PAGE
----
One of the neatest teaching aids that Jan and I ended up test driving and deploying is an application called epoptes. This is basically a screen sharing program with some extra bells and whistles that allow you to take over the student's computer as well. It was incredibly effective as long as you did not accidentally hit the button to shut down all of the student's machines.
If there was any lingering doubt, it has now been scrubbed away. The open scientific software stack is completely ready for prime time in the classroom. Anyone who is trying to sell you something is doing exactly that.
I taught the entire course from a series of IPython notebooks cribbed from Software Carpentry. Some of these were tutorials I had originally written a couple of years ago. Humorously, I found that the documentation lesson had not been significantly altered in that time.
However, forking from Software Carpentry required significant amounts of extra effort in some cases to make the lectures complete for my AIMS needs. (I have since pull requested these updates back though they are waiting for a merge.) I was very tempted to use some material from the Python Bootcamp at UC Berkeley. I did not because of licenses. Software Carpentry material is CC BY v3.0 licensed. The Berkeley Python material is CC BY-NC-SA v3.0 licensed. Even though I am not currently planning on reusing this material, the threat that I would be forbidden from doing so in some circumstances was enough to drive me away from the non-commercial copyleft terms. Ironically, on the first Tuesday I was at AIMS, the class took a field trip to the University of Cape Town to see Richard Stallman speak. He convinced me.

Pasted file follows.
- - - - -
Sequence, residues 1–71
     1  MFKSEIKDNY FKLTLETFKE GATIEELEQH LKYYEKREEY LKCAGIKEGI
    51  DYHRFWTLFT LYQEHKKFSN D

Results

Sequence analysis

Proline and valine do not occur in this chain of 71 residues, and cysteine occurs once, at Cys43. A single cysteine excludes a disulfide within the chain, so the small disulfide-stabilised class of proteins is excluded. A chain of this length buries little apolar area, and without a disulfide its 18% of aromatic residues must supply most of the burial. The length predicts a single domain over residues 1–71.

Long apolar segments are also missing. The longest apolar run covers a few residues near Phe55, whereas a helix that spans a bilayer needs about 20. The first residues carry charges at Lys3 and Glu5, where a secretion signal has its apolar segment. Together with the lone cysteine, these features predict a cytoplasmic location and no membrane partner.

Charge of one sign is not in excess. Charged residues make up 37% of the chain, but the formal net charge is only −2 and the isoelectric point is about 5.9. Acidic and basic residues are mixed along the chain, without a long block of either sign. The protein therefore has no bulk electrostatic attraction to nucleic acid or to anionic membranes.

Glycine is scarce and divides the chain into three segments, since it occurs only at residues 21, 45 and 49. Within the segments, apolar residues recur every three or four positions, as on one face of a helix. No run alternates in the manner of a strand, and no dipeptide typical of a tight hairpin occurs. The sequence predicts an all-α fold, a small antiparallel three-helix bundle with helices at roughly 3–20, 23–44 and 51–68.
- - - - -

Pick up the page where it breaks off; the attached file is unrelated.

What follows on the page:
In terms of the instruction, I had the incidental privilege of giving the first lecture of the academic year. It became clear after a few lessons - introduction to scientific computing, BASH, git - that I would have to adapt my teaching style. Luckily, the students shared an advanced mathematics background. I could assume that they all knew linear algebra, differential equations, and set theory.